TED Case Studies

Botswana Cattle Ranches and Trade

I. Identification

1. The Issue

The grasslands of Botswana contain more than twice as many cattle as people. Botswana's national cattle herd has grown from a few hundred thousand cattle in 1950 to close to three million today. Due to European import restrictions on meat, the cattle must be kept inside fences to avoid disease. Cattle raising, and the accompanying fences, have drastically reduced the once plentiful wildlife of the country's plains and disrupted migratory patterns. Environmentalists are now fighting to preserve one of the continent's last great wild areas from cattle ranchers, whose fences are denying buffalo, zebra, and wildebeest (protected under CITES) access to migration routes, and local bushmen access to their traditional lands.

2. Description

Environmental groups are pressuring several developed countries to deny Botswana cattle subsides under terms of trade agreed to under the Lome convention. These subsidies, coupled with strict restrictions on imports, have led to the construction of cattle fences in Botswana. If the cattle fences in Botswana remain, then it is likely that several species of wildlife will be damaged, because their migration routes will be disrupted. Scientists invited by the government of Botswana to study Botswana's cattle problems, concluded that "when the interests of wildlife and cattle come into conflict, the wildlife loses".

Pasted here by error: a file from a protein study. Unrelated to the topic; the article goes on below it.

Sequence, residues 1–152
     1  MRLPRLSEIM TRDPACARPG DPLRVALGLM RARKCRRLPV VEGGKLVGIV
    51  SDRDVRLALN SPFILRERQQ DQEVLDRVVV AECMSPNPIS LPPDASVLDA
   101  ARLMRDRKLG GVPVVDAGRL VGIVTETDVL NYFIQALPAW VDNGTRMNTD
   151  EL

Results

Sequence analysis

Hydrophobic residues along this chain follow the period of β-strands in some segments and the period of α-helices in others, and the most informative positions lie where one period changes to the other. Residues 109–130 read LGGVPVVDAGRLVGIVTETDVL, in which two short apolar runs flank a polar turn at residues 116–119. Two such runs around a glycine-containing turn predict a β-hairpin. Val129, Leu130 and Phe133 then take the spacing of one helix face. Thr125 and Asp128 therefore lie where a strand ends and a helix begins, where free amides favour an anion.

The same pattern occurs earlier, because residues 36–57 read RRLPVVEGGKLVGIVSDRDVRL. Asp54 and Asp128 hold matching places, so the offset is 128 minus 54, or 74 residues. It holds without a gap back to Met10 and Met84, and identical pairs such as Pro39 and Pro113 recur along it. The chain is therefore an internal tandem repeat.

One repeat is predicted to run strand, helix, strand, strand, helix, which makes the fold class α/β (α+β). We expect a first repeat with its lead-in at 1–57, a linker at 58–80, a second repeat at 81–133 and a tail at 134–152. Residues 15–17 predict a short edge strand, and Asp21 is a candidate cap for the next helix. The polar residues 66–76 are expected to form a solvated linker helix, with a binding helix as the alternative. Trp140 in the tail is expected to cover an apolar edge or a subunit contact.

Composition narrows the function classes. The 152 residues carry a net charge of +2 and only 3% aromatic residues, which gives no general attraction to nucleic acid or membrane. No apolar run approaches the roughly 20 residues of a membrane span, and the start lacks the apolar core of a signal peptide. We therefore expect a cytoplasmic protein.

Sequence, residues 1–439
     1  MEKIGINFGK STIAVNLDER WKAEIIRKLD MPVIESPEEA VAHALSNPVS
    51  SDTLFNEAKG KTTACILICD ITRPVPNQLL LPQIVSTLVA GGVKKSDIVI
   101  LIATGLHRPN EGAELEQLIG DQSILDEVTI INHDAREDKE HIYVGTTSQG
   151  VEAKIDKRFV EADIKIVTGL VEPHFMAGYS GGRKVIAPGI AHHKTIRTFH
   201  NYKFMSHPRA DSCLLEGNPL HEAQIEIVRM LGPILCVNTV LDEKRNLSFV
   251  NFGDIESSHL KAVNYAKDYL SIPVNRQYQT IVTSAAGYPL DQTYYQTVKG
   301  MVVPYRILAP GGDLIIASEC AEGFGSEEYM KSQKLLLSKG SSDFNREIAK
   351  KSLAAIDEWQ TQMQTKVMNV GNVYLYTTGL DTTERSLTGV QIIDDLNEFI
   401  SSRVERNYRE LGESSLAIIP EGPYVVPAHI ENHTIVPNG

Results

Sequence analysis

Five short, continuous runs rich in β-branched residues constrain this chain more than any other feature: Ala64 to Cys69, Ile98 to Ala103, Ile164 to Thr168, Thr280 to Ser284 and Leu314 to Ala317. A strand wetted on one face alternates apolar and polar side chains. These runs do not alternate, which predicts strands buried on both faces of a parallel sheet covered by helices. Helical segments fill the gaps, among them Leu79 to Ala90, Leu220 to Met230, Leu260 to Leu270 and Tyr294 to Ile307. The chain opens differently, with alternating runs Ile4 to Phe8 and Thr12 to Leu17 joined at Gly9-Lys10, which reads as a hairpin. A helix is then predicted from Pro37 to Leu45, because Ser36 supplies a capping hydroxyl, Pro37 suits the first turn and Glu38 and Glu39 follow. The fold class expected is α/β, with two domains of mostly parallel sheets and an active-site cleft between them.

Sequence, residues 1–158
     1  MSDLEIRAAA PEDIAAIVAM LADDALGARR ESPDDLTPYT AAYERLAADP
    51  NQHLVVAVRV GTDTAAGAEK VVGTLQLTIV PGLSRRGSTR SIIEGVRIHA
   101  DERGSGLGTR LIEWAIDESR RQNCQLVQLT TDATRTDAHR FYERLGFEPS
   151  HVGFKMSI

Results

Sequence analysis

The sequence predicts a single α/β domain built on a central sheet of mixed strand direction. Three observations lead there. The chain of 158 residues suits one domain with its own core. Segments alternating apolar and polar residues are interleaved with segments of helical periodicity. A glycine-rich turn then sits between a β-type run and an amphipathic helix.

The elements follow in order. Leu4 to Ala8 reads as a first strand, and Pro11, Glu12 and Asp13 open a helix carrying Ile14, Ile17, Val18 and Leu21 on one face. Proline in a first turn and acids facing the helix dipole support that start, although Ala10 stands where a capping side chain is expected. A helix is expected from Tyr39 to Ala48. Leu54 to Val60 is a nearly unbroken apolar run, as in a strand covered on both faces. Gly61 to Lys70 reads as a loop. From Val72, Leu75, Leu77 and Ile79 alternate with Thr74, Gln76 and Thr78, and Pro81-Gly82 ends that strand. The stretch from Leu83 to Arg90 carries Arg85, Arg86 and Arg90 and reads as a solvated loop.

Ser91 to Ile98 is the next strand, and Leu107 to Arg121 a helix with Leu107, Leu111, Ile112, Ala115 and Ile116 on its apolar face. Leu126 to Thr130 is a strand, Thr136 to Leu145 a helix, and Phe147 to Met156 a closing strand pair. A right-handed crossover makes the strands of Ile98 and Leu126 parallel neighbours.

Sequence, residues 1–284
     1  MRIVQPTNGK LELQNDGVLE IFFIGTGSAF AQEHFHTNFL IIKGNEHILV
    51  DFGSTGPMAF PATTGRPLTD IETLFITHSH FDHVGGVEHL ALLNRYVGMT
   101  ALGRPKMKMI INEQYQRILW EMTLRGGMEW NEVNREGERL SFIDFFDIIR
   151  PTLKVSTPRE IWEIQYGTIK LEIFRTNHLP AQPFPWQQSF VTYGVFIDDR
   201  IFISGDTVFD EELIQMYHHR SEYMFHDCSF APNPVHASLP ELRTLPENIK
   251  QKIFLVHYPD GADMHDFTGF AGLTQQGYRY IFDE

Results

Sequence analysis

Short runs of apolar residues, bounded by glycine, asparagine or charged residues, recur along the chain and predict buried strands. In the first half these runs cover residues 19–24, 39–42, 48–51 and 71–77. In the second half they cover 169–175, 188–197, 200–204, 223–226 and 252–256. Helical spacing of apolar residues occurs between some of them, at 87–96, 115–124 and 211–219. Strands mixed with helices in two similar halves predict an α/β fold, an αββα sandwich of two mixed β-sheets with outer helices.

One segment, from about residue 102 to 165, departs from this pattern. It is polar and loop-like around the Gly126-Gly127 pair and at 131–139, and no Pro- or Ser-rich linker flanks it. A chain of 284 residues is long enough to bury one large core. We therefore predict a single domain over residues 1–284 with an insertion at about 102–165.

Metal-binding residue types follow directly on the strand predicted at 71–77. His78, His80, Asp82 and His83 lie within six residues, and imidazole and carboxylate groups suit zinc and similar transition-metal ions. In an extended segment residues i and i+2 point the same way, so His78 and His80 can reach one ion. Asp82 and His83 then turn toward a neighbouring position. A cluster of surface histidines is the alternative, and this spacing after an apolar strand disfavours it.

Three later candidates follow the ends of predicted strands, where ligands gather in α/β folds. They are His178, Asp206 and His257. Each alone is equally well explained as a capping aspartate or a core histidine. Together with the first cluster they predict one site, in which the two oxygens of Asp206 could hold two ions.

European meat import regulations require the fences to be built to stop cattle from contracting foot and mouth disease, which the cattle contact from wild buffalo. The ecological damage due to the beef industry on Botswana's wildlife has been considerable because of the concentration of animals within the fenced areas. According to Per Wramner, a leading Swedish scientist, "vast areas of natural habitats have been degraded in many parts of the country. The main cause is the expansion of the cattle industry". Beef exports to Europe are worth more than $100 million a year to Botswana. Botswana has tried to sooth tensions with environmentalists by allowing them to study the impact of the fences on migration routes. It has instituted a National Conservation Strategy and hired a London public relations firms to improve its image. However, critics claim the national policy is vague and that the hiring of a public relations firm only confirms that Botswana is merely concerned about its public image, not the habitat of its wildlife.